Commissioners Scott Gammons, Mike Jenkins, and Mchelle Phillips voted no on the resolution, and Commissioner Phillip Snow was not present. All of the other commissioners voted yes.

Director of Schools Tony Boles informed the commission that a public forum had been held at Red Boiling Springs School on Sept. 27 to discuss and answer questions concerning the possible sales tax increase. The increase, which was approved by the commission in August, will go toward funding a new school in Lafayette.

"We invite the public to come hear outr stance on the sale tax referendum … and what that tax is going for," Boles said.

He added that there had been questions concerning the use of the tax dollars.

"People have asked why the sales tax is for specific building in Lafayette," Boles said. "I keep telling people that's how the referendum was written. The school board had nothing to do with writing that referendum."

Boles said that there have been questions concerning Red Boiling Springs and Westside not benefiting from the increase.

"That's not entirely true," Boles said. "If this sales tax increase is passed and the school-building project is fully-funded by the county commission, that's going to free up the school board to make additions on Red Boiling or make additions or things that need to be done at Westside."

Mayor Steve Jones has formerly stated that the sales tax will not pay for the entirety of the building project. Boles said he had been asked how the rest of the building would be paid for and added that he could not answer that question. He posed the question to the commission. "(Citizens) have said they would feel more comfortable voting for this if they knew where that money was coming from." Jones said. "It has to be sold to people up front that just the sales tax will not build the school. It's got to be a combination of things, nd that's a decision that this legislative body is going to have to make, either to fund it through the property tax or an additional wheel tax."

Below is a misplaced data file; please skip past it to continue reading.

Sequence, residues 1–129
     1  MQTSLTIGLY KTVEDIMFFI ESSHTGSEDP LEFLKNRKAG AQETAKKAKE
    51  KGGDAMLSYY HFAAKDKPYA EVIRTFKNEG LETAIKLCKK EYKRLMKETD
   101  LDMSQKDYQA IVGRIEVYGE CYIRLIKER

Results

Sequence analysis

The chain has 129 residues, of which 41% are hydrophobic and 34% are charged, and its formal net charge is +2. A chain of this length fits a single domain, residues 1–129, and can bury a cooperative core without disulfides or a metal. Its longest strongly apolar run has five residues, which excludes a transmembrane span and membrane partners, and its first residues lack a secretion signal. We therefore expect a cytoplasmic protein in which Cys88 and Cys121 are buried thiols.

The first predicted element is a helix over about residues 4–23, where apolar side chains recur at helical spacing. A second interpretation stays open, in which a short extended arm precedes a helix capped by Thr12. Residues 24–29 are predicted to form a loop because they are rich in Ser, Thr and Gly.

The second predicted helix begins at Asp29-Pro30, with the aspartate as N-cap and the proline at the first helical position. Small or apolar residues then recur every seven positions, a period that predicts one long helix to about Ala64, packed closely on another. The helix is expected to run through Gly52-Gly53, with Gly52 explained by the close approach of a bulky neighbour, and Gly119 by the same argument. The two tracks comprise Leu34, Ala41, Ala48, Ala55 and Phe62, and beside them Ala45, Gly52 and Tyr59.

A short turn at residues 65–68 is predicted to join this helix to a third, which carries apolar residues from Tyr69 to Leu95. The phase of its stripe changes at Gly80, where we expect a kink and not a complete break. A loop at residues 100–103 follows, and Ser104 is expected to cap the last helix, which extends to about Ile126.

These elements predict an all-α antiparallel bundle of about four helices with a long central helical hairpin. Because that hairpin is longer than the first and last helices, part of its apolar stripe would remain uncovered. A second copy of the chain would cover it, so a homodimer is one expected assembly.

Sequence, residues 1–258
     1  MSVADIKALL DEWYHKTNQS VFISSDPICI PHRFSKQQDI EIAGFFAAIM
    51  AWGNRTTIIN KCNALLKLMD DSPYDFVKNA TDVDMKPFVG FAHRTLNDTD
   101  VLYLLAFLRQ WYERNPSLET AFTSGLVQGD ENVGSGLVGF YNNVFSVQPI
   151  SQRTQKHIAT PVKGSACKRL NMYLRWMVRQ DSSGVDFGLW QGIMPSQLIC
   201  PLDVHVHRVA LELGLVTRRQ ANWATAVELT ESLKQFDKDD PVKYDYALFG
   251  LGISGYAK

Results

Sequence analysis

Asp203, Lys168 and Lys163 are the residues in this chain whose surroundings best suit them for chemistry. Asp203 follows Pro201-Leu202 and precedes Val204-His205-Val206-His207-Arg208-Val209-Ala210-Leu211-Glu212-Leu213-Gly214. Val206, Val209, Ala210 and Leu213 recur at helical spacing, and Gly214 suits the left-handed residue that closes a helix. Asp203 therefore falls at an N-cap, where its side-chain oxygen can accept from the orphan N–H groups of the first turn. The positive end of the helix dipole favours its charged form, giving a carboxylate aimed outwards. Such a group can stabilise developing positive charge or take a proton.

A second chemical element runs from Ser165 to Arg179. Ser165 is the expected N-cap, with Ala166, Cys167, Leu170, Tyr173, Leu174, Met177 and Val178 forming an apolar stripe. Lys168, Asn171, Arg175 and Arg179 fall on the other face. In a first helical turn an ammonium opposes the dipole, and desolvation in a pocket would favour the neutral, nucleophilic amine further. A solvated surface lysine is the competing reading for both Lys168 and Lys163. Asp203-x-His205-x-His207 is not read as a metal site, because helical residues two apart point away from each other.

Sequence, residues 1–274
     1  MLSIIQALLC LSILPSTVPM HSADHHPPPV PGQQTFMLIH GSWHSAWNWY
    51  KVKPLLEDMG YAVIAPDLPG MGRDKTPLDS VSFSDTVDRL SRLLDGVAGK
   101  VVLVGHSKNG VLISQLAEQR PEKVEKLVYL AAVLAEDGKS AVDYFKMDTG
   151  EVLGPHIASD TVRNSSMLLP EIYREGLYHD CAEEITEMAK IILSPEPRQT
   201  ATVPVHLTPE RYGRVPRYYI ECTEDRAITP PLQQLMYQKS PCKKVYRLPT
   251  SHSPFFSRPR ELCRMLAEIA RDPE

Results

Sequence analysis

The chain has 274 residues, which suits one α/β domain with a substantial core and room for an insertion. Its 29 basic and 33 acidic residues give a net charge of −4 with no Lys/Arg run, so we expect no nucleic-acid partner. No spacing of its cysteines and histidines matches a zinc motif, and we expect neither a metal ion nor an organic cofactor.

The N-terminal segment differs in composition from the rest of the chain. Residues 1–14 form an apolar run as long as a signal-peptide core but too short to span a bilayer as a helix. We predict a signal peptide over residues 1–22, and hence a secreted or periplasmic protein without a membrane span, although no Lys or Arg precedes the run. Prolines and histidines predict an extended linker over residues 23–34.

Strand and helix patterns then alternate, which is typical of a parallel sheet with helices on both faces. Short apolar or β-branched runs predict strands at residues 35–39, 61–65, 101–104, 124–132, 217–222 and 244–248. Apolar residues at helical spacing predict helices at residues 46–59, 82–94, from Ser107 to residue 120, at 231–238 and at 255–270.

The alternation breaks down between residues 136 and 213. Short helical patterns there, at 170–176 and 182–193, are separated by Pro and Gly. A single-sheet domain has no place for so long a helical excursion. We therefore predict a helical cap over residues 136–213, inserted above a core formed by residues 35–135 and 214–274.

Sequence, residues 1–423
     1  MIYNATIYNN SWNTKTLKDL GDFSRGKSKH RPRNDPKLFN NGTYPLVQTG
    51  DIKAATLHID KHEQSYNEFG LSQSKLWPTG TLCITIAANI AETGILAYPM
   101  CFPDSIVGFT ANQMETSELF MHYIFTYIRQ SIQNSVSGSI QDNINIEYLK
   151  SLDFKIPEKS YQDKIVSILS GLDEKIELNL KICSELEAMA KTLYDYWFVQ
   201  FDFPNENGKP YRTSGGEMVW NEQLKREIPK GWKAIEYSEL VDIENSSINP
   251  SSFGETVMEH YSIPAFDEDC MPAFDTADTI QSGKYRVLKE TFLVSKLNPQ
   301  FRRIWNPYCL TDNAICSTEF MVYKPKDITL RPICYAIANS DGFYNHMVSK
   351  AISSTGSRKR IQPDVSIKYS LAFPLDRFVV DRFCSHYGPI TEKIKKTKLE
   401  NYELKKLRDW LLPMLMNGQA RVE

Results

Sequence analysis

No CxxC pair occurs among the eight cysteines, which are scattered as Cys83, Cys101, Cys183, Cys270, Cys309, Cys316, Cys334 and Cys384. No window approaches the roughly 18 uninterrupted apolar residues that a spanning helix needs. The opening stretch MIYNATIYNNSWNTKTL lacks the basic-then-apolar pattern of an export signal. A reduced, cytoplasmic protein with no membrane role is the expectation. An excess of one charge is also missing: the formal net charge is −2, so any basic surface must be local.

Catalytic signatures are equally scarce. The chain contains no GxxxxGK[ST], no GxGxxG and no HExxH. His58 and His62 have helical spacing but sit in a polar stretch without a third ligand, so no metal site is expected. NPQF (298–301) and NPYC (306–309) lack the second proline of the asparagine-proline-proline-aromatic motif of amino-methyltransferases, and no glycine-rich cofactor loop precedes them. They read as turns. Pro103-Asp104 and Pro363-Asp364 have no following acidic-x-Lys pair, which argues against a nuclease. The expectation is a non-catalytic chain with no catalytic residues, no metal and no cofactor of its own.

Jones told the commission that those were generally the only options available to fund the school.

A second public forum will be held at Macon County Junior High on Oct. 17.

The sales-tax increase will be on the November ballot for the county.

Macon County Sherriff Mark Gammons told the commission that he felt a pay increase was needed for Sherriff's deputies due to a recent trend in deputies leaving the department to work for the cities of Lafayette and Red Boiling Springs.

"We certify them, and they leave," Gammons said. "We're going to have to get some pay increase up. These other departments are paying for their insurance. They're paying for their retirement."

He also told the commission that the department has gone through three months being five deputies short, because there was no money in the budget to hire more.

In other business …

• The commission once again voted to send the addition of a speed limit to Storytown Road as well as weight limits on bridges on to the next meeting. The commission also heard a request to implement a speed limit on Powell Road. It was approved for the next meeting as well.

• The commission voted to send a proclamation to name a section of road after Bill Dowell, a former loss control officer for the county, and a proclamation to name a bridge after Woody Dyer on to the upcoming county commission meeting.

• The commission also voted to continue discussion on changing the carpet at the Red Boiling Springs Branch Library.